- What makes a difference and impact in the world.
The first of these is covered off already by “What you can be paid for.”
The second makes some sense to the extent that it relates to business opportunities – Steve Jobs for example made his fortune by riding the waves of computer technology, digital animation , and consumer electronic devices – but if it is a real business opportunity, this one also fits into “What you can be paid for.” If it doesn’t fit into “What you can be paid for,” it fits into “What makes a difference in the world.”
So, I changed the name of that circle to “What makes a difference in the world.”
Also, I should clarify: the “What you can be paid for” circle should not be understood as being limited only to commercial opportunities, such as careers or businesses.
It could also be understood in the context of philanthropic or not-for-profit activities.
In these contexts, “What you can be paid for” means either “what you can be funded for” or “what you are prepared to pay for.”
The intersection between any two adjacent circles in the diagram defines something that is worth knowing and developing, namely (respectively):
- Your Expression – the work you can do and would love to do. This is your “zone of genius” and full expression.
- How you can be of Service to make a difference in the world
- The Value you can create and deliver
- How to Align making a difference with getting paid.
The next level of the diagram is the inner intersections:
Your Potential lies at the intersection of your expression and your service. Alternatively, and meaning exactly the same thing, your Potential is found at the intersection of What you are good at, What you love, and What makes a difference in the world.
It is a higher level concept than your Expression or Your Service. It is what you are capable of, the difference you are capable of making.
And if you combine your Potential to make a difference with a way to get paid for it (What you can be paid for), you have a Vocation.
Your Excellence is at the intersection of Expression and Value (or, alternatively, What you can be paid for, What you are good at, and What you love).
Your Excellence is your zone of mastery – it’s where you can reach your greatness, both in terms of expression of your talent and in terms of adding value commercially for other people. It’s work you do well, and love doing.
But if your Excellence was applied to doing something of no social value, or negative social value – something you didn’t believe in or something against your values – it wouldn’t be a vocation. If we now add in “What makes a difference in the world” – reflecting your values and beliefs about what’s important and what matters – now you have a Vocation.
Your Transformation is at the intersection of your commercial Value and Your Alignment to making a difference in the world (or, equivalently, at the intersection of What you are good at, What you can be paid for, and What makes a difference in the world).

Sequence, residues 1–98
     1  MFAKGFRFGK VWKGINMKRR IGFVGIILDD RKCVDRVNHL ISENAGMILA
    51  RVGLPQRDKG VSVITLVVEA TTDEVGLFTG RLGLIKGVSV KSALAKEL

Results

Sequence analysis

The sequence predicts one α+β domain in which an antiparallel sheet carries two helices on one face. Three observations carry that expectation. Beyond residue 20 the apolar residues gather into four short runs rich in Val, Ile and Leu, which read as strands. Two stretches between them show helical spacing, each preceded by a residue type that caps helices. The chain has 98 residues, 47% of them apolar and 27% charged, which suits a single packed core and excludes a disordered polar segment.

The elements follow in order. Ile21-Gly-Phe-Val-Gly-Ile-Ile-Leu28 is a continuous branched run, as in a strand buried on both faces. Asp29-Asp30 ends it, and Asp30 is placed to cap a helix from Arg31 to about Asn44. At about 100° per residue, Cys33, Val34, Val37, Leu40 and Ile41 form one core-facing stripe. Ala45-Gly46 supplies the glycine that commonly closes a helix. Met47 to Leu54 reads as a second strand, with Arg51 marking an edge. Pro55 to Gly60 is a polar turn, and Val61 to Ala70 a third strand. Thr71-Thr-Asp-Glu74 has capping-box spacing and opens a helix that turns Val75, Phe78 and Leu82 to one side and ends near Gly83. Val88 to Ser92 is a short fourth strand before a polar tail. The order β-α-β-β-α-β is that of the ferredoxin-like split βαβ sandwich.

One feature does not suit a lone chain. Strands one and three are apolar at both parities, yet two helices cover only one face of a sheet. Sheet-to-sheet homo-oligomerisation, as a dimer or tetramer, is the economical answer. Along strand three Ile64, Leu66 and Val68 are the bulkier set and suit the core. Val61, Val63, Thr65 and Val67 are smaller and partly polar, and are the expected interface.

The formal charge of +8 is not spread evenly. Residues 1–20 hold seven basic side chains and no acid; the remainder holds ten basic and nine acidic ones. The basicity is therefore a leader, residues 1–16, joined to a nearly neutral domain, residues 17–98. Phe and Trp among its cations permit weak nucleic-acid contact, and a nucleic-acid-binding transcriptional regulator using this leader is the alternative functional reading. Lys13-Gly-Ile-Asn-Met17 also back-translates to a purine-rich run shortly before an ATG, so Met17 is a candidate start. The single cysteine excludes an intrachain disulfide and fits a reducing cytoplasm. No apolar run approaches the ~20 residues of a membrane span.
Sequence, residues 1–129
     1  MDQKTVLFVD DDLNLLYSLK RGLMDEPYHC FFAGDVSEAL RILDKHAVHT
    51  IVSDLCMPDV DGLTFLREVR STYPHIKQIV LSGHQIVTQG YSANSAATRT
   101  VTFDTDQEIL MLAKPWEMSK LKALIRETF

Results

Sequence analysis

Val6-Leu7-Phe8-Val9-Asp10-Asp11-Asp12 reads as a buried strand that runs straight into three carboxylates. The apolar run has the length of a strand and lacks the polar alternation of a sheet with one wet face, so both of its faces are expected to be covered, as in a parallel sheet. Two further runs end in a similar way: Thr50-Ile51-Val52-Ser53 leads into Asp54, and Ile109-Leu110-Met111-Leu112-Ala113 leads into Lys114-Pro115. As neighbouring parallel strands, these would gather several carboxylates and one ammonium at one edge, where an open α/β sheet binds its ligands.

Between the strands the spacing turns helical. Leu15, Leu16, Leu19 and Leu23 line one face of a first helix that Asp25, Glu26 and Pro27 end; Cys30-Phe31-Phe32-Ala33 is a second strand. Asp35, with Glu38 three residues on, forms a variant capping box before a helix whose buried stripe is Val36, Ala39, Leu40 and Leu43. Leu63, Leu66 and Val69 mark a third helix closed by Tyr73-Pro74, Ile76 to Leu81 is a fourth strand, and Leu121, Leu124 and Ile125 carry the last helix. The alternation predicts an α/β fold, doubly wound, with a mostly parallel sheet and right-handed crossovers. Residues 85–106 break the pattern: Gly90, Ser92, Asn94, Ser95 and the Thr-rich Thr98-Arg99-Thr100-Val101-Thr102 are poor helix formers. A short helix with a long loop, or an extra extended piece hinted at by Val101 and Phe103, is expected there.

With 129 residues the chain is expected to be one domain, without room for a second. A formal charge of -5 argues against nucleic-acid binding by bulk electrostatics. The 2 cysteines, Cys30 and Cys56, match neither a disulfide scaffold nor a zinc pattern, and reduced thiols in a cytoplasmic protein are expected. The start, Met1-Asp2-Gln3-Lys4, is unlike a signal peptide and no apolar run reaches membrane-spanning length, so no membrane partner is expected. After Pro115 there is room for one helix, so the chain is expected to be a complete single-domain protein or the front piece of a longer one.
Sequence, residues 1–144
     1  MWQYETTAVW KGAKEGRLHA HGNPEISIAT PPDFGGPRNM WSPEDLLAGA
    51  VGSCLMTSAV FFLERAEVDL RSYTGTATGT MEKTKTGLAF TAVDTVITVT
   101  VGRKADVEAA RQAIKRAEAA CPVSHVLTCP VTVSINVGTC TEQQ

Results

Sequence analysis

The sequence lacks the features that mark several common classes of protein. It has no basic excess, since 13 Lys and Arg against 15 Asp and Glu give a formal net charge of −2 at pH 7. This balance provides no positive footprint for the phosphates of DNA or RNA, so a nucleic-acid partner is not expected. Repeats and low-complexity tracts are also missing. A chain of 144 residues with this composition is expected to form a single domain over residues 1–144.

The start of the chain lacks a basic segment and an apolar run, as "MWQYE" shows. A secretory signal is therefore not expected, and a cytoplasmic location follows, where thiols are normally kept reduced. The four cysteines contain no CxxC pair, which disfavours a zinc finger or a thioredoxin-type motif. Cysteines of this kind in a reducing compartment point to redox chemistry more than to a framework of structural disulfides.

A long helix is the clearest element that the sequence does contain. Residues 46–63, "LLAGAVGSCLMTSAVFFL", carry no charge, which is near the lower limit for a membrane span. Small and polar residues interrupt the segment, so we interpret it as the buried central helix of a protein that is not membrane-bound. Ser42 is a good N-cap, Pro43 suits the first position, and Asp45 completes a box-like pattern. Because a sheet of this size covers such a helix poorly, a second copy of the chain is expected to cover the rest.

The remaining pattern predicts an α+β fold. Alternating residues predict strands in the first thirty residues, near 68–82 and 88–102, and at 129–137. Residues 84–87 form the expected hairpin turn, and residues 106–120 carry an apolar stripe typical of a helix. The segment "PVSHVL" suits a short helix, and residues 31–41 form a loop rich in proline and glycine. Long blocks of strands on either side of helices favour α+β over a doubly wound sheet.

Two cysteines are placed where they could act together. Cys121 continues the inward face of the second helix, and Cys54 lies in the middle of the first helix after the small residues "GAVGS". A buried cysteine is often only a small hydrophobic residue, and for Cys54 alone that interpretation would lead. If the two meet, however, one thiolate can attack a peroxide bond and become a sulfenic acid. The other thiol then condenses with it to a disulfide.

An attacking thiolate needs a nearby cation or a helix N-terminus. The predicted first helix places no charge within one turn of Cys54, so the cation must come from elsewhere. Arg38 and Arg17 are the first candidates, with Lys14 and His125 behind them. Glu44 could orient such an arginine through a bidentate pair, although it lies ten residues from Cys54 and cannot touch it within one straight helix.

If you are delivering commercial value you are delivering value and making a difference for someone.
If you align this with making a bigger difference in the world and doing something that is meaningful and matters in a wider sense, you are creating social impact as well as commercial value. The union of this commercial impact with making a difference in the world is what I am calling your Impact.
But you can have impact – be great at something, add commercial value and get paid for it, and make a difference in the world – without loving what you are doing. If you hate that work, it’s not your vocation. So, to find your Vocation, combine your Impact with the What you love circle.
Your Impact is at the intersection of your Service and your Alignment. It represents the intersection of what you can be paid for (your commercial value), What makes a difference (reflecting your wider contribution and elements of your mission and purpose), and What you love (reflecting what you would like to see grown and developed, in your work and in the world).
Recall that the “What you can be paid for” circle is also understood to mean “what you can be funded for” (for a non-profit) or “what you are willing to pay for” (for a philanthropy).
So the Impact is really about where you want to make a difference, that is aligned with a viable business model for doing it. So, if you combine a Mission with your strengths and capabilities – “What you are good at” – you have a Vocation.
At the intersection of any of the following:
- The four circles in the diagram (What you love, What you are good at, What you can be paid for, and What makes a difference in the world)
- The four outer intersections in the diagram (Expression, Service, Alignment, Value)
- The four inner circles in the diagram (Potential, Vision, Impact, and Excellence)
you find your Vocation.
So that brings us up to speed with what we covered in the Rethinking Ikigai article.
The question now is: How to use the Vocation Model in practice, to find a vocation?
How To Use The Vocation Model As Part Of A Vocational Planning Process
There is no one “right” way to use the model
There is no one “right” way to use the Vocation Model.
It depends on what you want to achieve.
- If you have a market-driven opportunity, you might start with “What you can be paid for.”